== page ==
ANNAPOLIS – Walking up a stairwell in the Naval Academy’s massive Bancroft Hall, Midshipman 3rd Class Grant Garcia points out a noticeable rut in the floor on the outside of the staircase.
“That’s where the plebes have to walk,” he says. The friction of thousands of first-year students’ steps has literally worn a trail into the floor.
Bancroft Hall has that feeling of history about it.
Tens of thousands of midshipmen have passed through Bancroft since it was built as the academy’s dormitory in 1906. Flags captured from enemy ships hang in Smoke Hall and the steps into the building are flanked by the a 15th-century Japanese temple bell and the bell from the USS Enterprise.
But the hall is changing. It is now in the fourth year of a nine-year, $200 million renovation that will tear the dormitory down to its frame and rebuild it and every system in it.
The tracks in the stairs will remain, but extensive work on just about everything else will help bring the early-20th century dorm into the 21st century, said Lt. Cmdr. Paul Beckwith, officer in charge of the project.
“The older sections don’t meet current life-safety code standards,” Beckwith said. “The air ducts are rotting away … the piping systems are getting full of rust … the electrical system isn’t able to handle the current amount of electricity being used.
“The hall is beyond its economic life,” Beckwith said of Bancroft, which has not had a major renovation since the 1960s. “We’re repairing it by replacing it.”
The construction moves in phases, with each wing of the hall stripped down to its basic structure and every system ripped out before the interior is cleaned and the systems rebuilt.
“You name it, it all came out,” Beckwith said.
It’s no simple renovation. Bancroft Hall can house 5,000 midshipmen and is the second-largest college dormitory in the world, behind only the University of Moscow.
Sprawling over 33 acres, six-story Bancroft Hall has 4.5 miles of corridors linking 2,000 dorm rooms in its eight wings. The dormitory also houses a pistol range, a barber, a tailor, clothing shops, a laundry, its own radio station, a gym and eateries.
It even has its own ZIP code.
It takes 300 men, working full-time, a full year to finish renovation of each wing.
Gutting the old building has given construction teams a chance to rediscover and restore some of the history of the 93- year-old building. They are working with state preservationists to bring back parts of the building that had been covered by four previous renovations.
On the middie-rutted stairway, for example, construction teams have found wrought-iron handrails that had been covered by aluminum. The white rubber roof of one wing will be replaced with copper to match the green metal roofs of the others, as the designers intended, Beckwith said.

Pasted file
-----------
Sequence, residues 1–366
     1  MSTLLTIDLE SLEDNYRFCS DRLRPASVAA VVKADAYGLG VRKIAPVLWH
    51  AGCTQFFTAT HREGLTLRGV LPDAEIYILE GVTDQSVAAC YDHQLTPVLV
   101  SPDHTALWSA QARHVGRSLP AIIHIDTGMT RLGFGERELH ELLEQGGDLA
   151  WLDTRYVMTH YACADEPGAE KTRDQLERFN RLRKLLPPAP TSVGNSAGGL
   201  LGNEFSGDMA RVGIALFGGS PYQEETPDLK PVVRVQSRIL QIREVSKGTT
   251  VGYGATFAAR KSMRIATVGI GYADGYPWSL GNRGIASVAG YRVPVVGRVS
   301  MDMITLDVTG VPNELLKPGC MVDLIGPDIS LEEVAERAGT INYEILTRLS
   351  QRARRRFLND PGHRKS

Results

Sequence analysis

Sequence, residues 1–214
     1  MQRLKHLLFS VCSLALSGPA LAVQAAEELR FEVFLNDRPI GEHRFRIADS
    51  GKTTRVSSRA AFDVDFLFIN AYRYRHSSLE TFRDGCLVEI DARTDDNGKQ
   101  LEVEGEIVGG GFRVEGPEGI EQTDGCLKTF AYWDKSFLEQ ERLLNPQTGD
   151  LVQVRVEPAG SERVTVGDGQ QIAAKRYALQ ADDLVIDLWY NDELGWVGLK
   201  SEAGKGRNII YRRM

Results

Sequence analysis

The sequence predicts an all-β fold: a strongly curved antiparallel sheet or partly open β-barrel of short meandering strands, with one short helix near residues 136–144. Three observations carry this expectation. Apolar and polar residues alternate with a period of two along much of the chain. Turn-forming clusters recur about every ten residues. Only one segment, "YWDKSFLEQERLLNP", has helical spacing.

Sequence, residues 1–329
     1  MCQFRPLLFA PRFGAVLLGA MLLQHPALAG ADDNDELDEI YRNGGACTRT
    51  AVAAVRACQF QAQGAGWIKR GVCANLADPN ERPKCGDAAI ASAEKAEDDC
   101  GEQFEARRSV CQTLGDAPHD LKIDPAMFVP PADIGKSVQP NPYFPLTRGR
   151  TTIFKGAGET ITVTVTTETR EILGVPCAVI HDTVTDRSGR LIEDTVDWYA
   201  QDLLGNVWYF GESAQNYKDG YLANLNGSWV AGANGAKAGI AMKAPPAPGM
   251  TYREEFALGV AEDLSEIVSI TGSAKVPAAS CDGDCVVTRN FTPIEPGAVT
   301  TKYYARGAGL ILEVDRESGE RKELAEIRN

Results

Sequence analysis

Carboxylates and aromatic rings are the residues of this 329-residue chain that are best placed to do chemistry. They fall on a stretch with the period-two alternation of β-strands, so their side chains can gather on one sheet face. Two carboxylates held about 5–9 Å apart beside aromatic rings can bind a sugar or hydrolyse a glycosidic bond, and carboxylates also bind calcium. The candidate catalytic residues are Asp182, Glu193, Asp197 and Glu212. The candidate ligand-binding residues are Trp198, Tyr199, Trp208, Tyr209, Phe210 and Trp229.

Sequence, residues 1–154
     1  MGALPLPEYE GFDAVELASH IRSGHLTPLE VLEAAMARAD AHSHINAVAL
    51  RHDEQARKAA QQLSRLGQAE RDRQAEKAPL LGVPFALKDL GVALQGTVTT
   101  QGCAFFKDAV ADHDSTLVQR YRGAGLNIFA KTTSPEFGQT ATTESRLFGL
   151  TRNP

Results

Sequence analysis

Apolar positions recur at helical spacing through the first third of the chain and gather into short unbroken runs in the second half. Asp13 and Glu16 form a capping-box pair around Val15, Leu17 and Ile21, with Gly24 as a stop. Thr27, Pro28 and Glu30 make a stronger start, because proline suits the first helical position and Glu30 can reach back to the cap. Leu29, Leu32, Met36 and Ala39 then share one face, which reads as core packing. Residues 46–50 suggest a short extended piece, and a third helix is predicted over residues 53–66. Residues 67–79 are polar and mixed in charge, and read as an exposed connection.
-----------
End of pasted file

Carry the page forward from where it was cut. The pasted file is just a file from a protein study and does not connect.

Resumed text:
The main rotunda of the hall is slightly dark despite the hundreds of electric lights that dot the sculpted ceiling high above. On the walls are epic murals of famous naval battles.
Former midshipman Ross Perot remembers his first time entering Bancroft Hall well.
“I came from a small town in Texas, and it was the size of the hall that was impressive,” Perot said. “Everywhere I turned, there was something interesting to see and learn.”
But step through the doors off the rotunda and into the midshipmen’s living quarters and the building begins to resemble a typical college dorm.
The halls are slightly outdated, with bright florescent lights. Bulletin boards line the walls and mids rush to class, study in their rooms or try to catch up on much-needed sleep.
Unlike a typical dorm, however, the corridors here are immaculate. Despite the fact that over 4,000 young men and women share the building, there is little yelling, and stereos are kept quiet.
The midshipmen rushing about are in uniform, even in their down time. Beds are neatly made for inspection and the sole poster in each room is not from the latest hit movie — it bears the code of honor.
“The Navy has always approached the hall as almost like running a ship,” said David Church, a member of the class of 1967 and head of the Academy Alumni Association.
Bancroft was built in 1906, in the wave of good feeling that followed the Spanish-American War. New wings were added in 1920 to deal with a boom in the academy’s student population. More wings were added in 1940 and 1967.
Besides updating and generally polishing up the hall, the renovation of Bancroft Hall should make the lives of midshipmen easier.
Where old rooms had two or three bunk beds, with desks in the middle, the updated rooms free up space by putting bunks above the desks. More lockers and closet space are being added, and new Internet connections are being installed.
“I think it’s a big improvement,” said Garcia, who lives in one of the new rooms. “There’s a lot more space.”
But even as she gets her facelift, those who have lived with “Mother B” are confident that the lifestyle there will not be erased.
“The mids will have a better life in the new rooms,” Church said. “But none of the tradition will change. Mother B still tells you when to get up, when to eat and what uniform to wear.”